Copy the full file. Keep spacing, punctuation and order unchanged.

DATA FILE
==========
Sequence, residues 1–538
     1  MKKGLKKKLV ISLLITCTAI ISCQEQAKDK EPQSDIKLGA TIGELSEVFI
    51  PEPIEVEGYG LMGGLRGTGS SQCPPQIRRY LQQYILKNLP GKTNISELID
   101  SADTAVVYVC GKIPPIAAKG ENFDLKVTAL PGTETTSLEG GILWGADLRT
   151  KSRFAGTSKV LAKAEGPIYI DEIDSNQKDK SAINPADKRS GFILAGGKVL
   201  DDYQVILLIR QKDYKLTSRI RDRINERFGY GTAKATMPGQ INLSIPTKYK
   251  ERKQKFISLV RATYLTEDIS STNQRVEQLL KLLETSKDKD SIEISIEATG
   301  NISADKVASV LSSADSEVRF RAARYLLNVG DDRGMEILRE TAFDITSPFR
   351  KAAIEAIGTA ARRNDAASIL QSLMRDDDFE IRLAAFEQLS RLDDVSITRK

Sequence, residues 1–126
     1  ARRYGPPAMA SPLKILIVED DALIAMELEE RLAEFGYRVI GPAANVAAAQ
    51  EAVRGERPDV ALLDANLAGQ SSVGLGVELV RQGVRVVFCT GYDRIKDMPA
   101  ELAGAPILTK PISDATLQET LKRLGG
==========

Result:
Sequence, residues 1–538
     1  MKKGLKKKLV ISLLITCTAI ISCQEQAKDK EPQSDIKLGA TIGELSEVFI
    51  PEPIEVEGYG LMGGLRGTGS SQCPPQIRRY LQQYILKNLP GKTNISELID
   101  SADTAVVYVC GKIPPIAAKG ENFDLKVTAL PGTETTSLEG GILWGADLRT
   151  KSRFAGTSKV LAKAEGPIYI DEIDSNQKDK SAINPADKRS GFILAGGKVL
   201  DDYQVILLIR QKDYKLTSRI RDRINERFGY GTAKATMPGQ INLSIPTKYK
   251  ERKQKFISLV RATYLTEDIS STNQRVEQLL KLLETSKDKD SIEISIEATG
   301  NISADKVASV LSSADSEVRF RAARYLLNVG DDRGMEILRE TAFDITSPFR
   351  KAAIEAIGTA ARRNDAASIL QSLMRDDDFE IRLAAFEQLS RLDDVSITRK

Sequence, residues 1–126
     1  ARRYGPPAMA SPLKILIVED DALIAMELEE RLAEFGYRVI GPAANVAAAQ
    51  EAVRGERPDV ALLDANLAGQ SSVGLGVELV RQGVRVVFCT GYDRIKDMPA
   101  ELAGAPILTK PISDATLQET LKRLGG